Jabari & Jaser

Premier Publisher of Action & Adventure

On Writing Action-Adventure: A Plot To Remember

Writing encompasses a multitude of elements, each of them necessary to create a completed project. You have characters, a world, and maybe even a theme ready and waiting to be transformed into a story. You’re still missing a key ingredient: the plot. But what is plot? Let’s take a closer look.

The plot is the backbone of the living, breathing creature that is your book. It’s the blueprint for your story, the map your journey will follow until it reaches the very last page and closes the covers. Many of us learned in English class that the plot follows a certain formula: introduction + character activity leading up to a climax + actual climax + some sort of resolution = all books ever written.

This isn’t necessarily true. While it is important to introduce your characters and imperative to have some sort of peak in the story line, how each element happens and where in your book it takes place is entirely up to you.

How are you going to start your story?

Some authors choose to dive straight into the action, opening with a battle or a chase scene or having their readers open the cover to a grisly murder. Other authors start out slowly, introducing the characters with a thought or with dialogue as to preface the action with an anticipatory breath. Another option is to start the book after something major has happened; your character could be reeling from the death of a loved one or gearing up for a war that has just been declared. Maybe your character is arriving on a new planet and the action starts as soon as he steps foot on previously unclaimed territory.

How you start is incredibly important – this is what hooks your readers and keeps them interested. Many readers may stop reading if nothing holds onto their attention within the first few pages. But it’s only the beginning of your plot.

How will you lead up to your story’s climax?

Think back to the scariest movie you’ve ever seen. How did they build up the suspense until that ultimate scene which made you jump and even scream? Many books give you a trail of breadcrumbs to follow; every few steps, you witness an event like an argument or a challenge that the characters have to get through to get to the next one. You can build up the suspense slowly and surely, or keep the pace fast from page one. Either way, you want to make sure to leave room for the climax to be more exciting than any other scene in the book. Otherwise, it’s not a peak in the action, as a climax should be.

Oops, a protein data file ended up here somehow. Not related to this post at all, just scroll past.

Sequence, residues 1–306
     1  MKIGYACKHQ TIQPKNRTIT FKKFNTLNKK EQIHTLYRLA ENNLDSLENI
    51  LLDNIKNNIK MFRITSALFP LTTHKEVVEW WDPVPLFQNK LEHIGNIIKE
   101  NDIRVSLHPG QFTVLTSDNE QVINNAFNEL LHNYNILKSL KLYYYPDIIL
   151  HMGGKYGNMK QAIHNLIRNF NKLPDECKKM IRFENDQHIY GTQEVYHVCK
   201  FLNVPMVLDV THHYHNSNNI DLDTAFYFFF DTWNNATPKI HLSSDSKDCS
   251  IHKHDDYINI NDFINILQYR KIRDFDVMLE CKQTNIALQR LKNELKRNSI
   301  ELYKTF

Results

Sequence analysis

How do you plan to resolve your story?

This is the final moment you’ll have with your readers. How do you want them to remember your story? Many choose to leave their stories with a happy ending, a sense that all will be well with the world. Readers also enjoy a surprise twist at the end, something that will keep them guessing. You may also choose to end on a complete cliffhanger—which frustrates readers in all the right ways if you do it well and keeps them wanting more. It opens you up to a sequel, if you so choose. However you end your book is up to you, but keep in mind that your ending will be the last thing your readers experience from you; and it may be what causes them to keep reading your books in the future or to avoid anything else you write.

The plot is a powerful tool at your disposal. When done right, it can elicit incredible emotional responses from your readers from fear to sorrow to complete joy and satisfaction, while producing a story they’ll want to read over and over again. So put that thinking cap on and outline a plot to remember!

By KLM

On Writing Action-Adventure: Creating Tangible Supporting Characters

Characters are paramount to any story. They’re family members, loved ones, friends, coworkers, strangers, and enemies. Every one of them has a unique smattering of attributes, from physical appearance to personal history to purpose within the story itself. To get you started, we’re going to ask you a few questions pertaining to your characters and their qualities. Answering these questions will help you create supporting characters real enough to make your readers want to reach through the pages and touch them.